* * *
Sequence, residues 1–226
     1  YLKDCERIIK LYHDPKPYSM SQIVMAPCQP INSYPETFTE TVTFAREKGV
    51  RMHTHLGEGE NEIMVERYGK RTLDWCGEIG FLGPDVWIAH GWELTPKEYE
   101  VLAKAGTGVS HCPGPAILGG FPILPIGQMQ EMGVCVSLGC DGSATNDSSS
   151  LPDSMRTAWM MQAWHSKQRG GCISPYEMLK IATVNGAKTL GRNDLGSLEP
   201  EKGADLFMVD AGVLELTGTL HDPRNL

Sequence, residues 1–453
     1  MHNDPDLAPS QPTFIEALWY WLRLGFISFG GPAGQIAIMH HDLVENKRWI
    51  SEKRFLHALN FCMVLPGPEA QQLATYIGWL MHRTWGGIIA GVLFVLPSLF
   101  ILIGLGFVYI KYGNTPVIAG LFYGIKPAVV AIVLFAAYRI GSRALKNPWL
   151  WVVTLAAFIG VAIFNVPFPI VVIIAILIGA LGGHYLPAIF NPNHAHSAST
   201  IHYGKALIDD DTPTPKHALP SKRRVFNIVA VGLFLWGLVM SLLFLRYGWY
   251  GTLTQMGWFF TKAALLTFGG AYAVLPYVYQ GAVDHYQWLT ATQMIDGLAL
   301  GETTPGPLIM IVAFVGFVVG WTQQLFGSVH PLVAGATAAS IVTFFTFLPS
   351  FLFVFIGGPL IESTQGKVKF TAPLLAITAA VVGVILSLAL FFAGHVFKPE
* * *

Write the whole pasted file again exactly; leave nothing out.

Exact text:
Sequence, residues 1–226
     1  YLKDCERIIK LYHDPKPYSM SQIVMAPCQP INSYPETFTE TVTFAREKGV
    51  RMHTHLGEGE NEIMVERYGK RTLDWCGEIG FLGPDVWIAH GWELTPKEYE
   101  VLAKAGTGVS HCPGPAILGG FPILPIGQMQ EMGVCVSLGC DGSATNDSSS
   151  LPDSMRTAWM MQAWHSKQRG GCISPYEMLK IATVNGAKTL GRNDLGSLEP
   201  EKGADLFMVD AGVLELTGTL HDPRNL

Sequence, residues 1–453
     1  MHNDPDLAPS QPTFIEALWY WLRLGFISFG GPAGQIAIMH HDLVENKRWI
    51  SEKRFLHALN FCMVLPGPEA QQLATYIGWL MHRTWGGIIA GVLFVLPSLF
   101  ILIGLGFVYI KYGNTPVIAG LFYGIKPAVV AIVLFAAYRI GSRALKNPWL
   151  WVVTLAAFIG VAIFNVPFPI VVIIAILIGA LGGHYLPAIF NPNHAHSAST
   201  IHYGKALIDD DTPTPKHALP SKRRVFNIVA VGLFLWGLVM SLLFLRYGWY
   251  GTLTQMGWFF TKAALLTFGG AYAVLPYVYQ GAVDHYQWLT ATQMIDGLAL
   301  GETTPGPLIM IVAFVGFVVG WTQQLFGSVH PLVAGATAAS IVTFFTFLPS
   351  FLFVFIGGPL IESTQGKVKF TAPLLAITAA VVGVILSLAL FFAGHVFKPE